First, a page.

canada cerb

Employers complain they can't hire people in Canada because of CERB

Businesses are slowly opening back up across the country and trying to recoup from months of devastating financial losses while also navigating completely new operating procedures in a world of social distancing. And some now claim they're facing an additional hurdle: trying to get their staff to come back to work.

While there are residents who fear that returning to the workplace may pose a risk to their health and safety as the threat of the pandemic looms, it also seems that some are not exactly eager to get back to business because they are potentially making just as much or more through the Canada Emergency Response Benefit (CERB) than they would make by actually working.

Business owners are among those up in arms about the issue — but, others are pointing out that if the (taxed) $2,000 a month from CERB is more attractive than returning to work after weeks of isolation, perhaps some companies need to re-evaluate their pay scales.

Fraud has been a concern during the rollout of the billions in financial aid the federal government has been providing citizens, but Prime Minister Justin Trudeau has reiterated on numerous occasions that his priority was to first and foremost get money into the hands of Canadians who were out of work and struggling due to the health crisis.

Trudeau said last month that the Canada Revenue Agency will be retroactively vetting CERB applications to make sure those who received the benefit actually needed it, and that those who got it unfairly will have to pay it back.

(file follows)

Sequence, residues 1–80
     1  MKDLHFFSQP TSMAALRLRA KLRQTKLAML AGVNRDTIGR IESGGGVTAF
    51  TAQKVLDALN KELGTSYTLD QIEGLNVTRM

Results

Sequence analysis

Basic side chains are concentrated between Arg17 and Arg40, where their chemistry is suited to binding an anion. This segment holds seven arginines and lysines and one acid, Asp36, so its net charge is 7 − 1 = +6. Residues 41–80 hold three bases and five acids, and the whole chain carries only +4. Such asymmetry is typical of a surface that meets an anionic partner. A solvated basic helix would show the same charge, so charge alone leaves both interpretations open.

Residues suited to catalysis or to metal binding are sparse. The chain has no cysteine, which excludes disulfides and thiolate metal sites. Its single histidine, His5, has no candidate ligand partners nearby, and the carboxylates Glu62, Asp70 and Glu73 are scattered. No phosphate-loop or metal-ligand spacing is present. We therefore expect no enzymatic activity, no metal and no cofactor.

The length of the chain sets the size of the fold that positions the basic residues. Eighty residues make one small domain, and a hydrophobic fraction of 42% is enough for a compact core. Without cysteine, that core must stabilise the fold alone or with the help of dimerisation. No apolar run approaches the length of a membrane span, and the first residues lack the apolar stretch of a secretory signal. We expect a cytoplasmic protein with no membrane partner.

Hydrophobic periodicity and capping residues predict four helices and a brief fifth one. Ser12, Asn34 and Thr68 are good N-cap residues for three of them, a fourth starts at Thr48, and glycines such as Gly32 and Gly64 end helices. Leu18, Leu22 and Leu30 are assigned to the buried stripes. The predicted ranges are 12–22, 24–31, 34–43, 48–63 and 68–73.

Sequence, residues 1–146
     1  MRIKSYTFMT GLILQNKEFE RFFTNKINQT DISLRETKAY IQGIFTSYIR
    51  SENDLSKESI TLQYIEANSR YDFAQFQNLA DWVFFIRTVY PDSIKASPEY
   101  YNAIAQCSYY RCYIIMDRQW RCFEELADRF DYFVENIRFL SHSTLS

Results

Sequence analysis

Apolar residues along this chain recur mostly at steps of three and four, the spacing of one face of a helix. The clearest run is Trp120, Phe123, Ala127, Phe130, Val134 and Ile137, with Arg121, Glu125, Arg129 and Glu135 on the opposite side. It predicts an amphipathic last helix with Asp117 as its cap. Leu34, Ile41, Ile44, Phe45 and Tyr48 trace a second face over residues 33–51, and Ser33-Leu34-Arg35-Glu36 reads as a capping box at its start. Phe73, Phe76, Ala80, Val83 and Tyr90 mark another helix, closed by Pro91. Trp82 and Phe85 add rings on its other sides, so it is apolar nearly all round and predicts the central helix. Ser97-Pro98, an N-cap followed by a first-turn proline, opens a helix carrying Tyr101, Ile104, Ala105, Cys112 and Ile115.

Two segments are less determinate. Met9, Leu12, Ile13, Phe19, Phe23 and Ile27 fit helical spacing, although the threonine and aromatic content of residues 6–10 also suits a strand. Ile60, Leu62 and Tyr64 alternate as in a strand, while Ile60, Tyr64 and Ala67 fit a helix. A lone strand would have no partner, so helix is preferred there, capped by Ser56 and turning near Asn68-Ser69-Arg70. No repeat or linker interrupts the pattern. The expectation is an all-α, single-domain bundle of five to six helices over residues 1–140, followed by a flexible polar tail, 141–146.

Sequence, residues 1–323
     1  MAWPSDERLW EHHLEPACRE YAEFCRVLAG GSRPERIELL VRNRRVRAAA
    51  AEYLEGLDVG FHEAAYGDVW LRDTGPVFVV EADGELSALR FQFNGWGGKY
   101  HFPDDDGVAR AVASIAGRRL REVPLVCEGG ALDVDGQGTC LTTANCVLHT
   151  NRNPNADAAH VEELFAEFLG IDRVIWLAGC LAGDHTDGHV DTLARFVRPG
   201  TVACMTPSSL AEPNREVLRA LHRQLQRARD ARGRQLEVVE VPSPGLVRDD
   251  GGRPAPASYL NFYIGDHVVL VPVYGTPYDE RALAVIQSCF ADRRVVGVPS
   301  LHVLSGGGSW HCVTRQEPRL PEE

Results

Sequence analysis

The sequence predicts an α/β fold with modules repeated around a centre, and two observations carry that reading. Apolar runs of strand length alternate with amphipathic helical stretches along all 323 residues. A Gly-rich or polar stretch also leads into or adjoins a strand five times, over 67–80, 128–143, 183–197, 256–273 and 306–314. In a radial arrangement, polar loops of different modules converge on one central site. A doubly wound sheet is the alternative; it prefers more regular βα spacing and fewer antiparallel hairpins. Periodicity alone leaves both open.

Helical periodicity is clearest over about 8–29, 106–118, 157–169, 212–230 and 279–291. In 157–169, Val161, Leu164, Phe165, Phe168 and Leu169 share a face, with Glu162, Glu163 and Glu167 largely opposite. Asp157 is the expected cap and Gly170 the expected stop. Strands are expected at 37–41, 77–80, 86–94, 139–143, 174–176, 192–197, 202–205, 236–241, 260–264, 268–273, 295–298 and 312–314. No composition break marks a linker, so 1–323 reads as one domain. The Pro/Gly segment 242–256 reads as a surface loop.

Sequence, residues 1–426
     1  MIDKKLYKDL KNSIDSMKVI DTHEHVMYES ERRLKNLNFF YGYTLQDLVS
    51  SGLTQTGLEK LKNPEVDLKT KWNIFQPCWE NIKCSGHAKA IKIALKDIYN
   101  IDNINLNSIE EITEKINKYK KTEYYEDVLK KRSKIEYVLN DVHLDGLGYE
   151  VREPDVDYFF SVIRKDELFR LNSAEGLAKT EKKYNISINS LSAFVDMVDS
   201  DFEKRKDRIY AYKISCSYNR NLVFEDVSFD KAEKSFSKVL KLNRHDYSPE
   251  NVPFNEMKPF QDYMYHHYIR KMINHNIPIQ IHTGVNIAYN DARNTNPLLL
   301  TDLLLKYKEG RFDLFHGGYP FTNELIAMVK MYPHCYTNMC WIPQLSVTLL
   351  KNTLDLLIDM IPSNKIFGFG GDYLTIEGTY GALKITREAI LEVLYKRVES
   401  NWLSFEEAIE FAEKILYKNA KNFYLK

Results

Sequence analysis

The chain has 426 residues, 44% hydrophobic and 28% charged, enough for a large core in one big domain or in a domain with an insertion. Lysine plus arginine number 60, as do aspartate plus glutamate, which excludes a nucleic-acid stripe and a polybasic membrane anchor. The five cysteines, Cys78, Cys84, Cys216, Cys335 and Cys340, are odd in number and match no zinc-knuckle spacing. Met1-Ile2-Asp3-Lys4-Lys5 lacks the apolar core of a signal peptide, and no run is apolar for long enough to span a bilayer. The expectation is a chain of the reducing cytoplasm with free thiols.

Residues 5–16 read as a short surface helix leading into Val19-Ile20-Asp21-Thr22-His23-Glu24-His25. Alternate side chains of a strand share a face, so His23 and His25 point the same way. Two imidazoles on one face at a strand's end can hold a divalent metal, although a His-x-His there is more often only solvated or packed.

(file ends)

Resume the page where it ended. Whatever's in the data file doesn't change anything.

The PM also continues to encourage businesses take advantage of the Canada Emergency Wage Subsidy (CEWS) program to be able to afford to rehire workers, offer them decent wages, and hopefully help people transition from CERB back to work.

Still, even with the help of the CEWS to pay their workers, employers across the country have said they've had trouble hiring new staff and are having to "beg" workers to return.

And on the flip side, there are those citizens whose workplaces haven't opened up yet, those who have children at home while schools and daycares remain closed, and those who are facing other issues that are preventing them from going off of CERB despite sincerely wanting to.

Both employers and employees are also in unprecedented waters right now: financial experts have pointed out that any employee who refuses to return to work is rendering themselves ineligible for CERB, as this can be considered quitting, and benefits are only available to those who lost their job as a result of the pandemic through no fault of their own.

There is also the fact that employers who laid off or reduced employee hours because of COVID-19 technically breached contract — but, if the breach of contract was accepted by the worker, "that change becomes a new term of their employment."

And then there are the seasonal workers, part-time workers, gig and self-employed workers that have added layers of complexity thrown into their current situations.

As we all try to return to a new form of normal, tensions are certainly high and things are already proving to be more than little rocky — as they have been this whole year thus far.

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